Good turkey season forecast for Saturday’s opening day

Published 9:48 am Friday, October 28, 2011

Joshua Hooker of Smithfield holds the trophy he received for setting a record for the biggest turkey taken by a youth in the eastern half of Virginia in 2009. The turkey had a 12-inch beard and 1 1/2-inch spurs and was harvested in Southampton County. -- Gwen Albers | Tidewater News

COURTLAND–A mild late spring should mean good turkey hunting when the fall gun season opens Saturday, Oct. 29, in Southampton and Isle of Wight counties.

“When you have cold damp weather during May and June, the turkeys don’t do very well,” said Aaron Proctor, the southeastern district wildlife biologist for Virginia Department of Game and Inland Fisheries. “The young ones can die due to exposure. When you have a dryer May and June that really favors the turkey brood. I think we’ve had favorable conditions in the south side peanut counties.”

Proctor said he also expects a good season because he’s been seeing large groups of birds.

“From what I saw, the turkey numbers are looking very good this year,” he said.

Turkey seasons have been expanded into January for some parts of the state due to an increased number of birds.

“We wanted to provide more opportunities for turkey enthusiasts and the numbers in the southeast are increasing,” Proctor said.

In Southampton and Isle of Wight counties, the gun season will run through Nov. 11, on Nov. 24, and Dec. 5 through Dec. 17.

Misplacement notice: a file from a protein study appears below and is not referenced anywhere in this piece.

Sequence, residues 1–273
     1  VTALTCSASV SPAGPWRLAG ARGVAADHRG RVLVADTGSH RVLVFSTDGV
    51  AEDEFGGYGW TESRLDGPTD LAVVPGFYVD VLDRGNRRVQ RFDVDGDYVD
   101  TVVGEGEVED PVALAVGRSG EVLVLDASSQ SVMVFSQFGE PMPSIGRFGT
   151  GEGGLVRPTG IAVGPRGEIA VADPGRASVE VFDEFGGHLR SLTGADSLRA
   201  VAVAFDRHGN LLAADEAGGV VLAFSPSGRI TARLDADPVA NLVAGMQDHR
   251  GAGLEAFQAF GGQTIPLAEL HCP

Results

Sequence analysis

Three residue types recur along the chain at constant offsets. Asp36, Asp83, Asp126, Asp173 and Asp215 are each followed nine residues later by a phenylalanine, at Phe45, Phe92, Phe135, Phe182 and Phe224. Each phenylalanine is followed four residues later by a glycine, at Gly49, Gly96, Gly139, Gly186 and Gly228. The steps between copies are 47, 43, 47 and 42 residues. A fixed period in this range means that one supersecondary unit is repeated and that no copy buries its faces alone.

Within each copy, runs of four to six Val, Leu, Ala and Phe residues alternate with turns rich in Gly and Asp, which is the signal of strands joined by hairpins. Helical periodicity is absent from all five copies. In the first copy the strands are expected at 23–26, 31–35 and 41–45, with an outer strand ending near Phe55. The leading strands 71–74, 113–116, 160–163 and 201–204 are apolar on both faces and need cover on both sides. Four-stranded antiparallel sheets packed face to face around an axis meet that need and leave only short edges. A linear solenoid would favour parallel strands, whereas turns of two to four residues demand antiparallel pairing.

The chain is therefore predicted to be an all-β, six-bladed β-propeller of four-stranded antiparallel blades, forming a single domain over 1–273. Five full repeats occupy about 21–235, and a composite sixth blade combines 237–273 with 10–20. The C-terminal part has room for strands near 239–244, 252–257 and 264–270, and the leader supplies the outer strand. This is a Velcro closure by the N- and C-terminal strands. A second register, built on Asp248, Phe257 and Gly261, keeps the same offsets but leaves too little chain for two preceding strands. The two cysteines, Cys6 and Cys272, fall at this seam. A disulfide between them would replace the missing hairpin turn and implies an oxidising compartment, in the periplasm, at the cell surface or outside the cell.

Hunters can take one turkey per day and no more than two during the fall season. Turkeys can be either sex.

Last year, hunters took six turkeys in Isle of Wight County and 15 in 2009. The five-year average has been 11 annually, according to the Department of Game.

In Southampton County, 31 turkeys were taken in 2010 and 21 in 2009. The five-year annual average is 24.

In Virginia, 2,687 turkeys were harvested during the 2010 fall turkey season. This harvest was 24 percent below the 2009 reported kill of 3,538. Bedford led all counties with a harvest of 92 birds. Most of the harvest was reported on private lands. Thirty-seven birds were harvested on the Youth Fall Day Hunt.

Wild Turkey Project Leader Gary Norman said the decline in the harvest was not unexpected given the exceptional acorn crops seen across Virginia last fall. Turkey harvest rates typically decline when acorns are available. With good acorn crops, birds spend most of their time in forested habitats instead of openings or fields.

Furthermore, with abundant acorn resources birds do not have to move much to find these preferred, nutritious foods, Norman said. As a result their home ranges shrink and they leave less sign. Collectively, these circumstances challenge hunters to find and pattern fall flocks.